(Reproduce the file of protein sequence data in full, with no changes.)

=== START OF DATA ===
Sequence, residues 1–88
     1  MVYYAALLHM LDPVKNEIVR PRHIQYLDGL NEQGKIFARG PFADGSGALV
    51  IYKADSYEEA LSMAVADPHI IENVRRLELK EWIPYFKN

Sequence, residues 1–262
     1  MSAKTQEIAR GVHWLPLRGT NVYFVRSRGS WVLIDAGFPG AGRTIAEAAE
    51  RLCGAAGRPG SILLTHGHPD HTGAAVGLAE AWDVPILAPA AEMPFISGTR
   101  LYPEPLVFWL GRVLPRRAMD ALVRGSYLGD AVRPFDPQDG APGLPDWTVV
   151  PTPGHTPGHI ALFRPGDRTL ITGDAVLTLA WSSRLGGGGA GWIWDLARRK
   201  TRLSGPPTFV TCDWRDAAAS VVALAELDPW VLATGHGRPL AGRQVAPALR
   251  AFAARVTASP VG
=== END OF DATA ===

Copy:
Sequence, residues 1–88
     1  MVYYAALLHM LDPVKNEIVR PRHIQYLDGL NEQGKIFARG PFADGSGALV
    51  IYKADSYEEA LSMAVADPHI IENVRRLELK EWIPYFKN

Sequence, residues 1–262
     1  MSAKTQEIAR GVHWLPLRGT NVYFVRSRGS WVLIDAGFPG AGRTIAEAAE
    51  RLCGAAGRPG SILLTHGHPD HTGAAVGLAE AWDVPILAPA AEMPFISGTR
   101  LYPEPLVFWL GRVLPRRAMD ALVRGSYLGD AVRPFDPQDG APGLPDWTVV
   151  PTPGHTPGHI ALFRPGDRTL ITGDAVLTLA WSSRLGGGGA GWIWDLARRK
   201  TRLSGPPTFV TCDWRDAAAS VVALAELDPW VLATGHGRPL AGRQVAPALR
   251  AFAARVTASP VG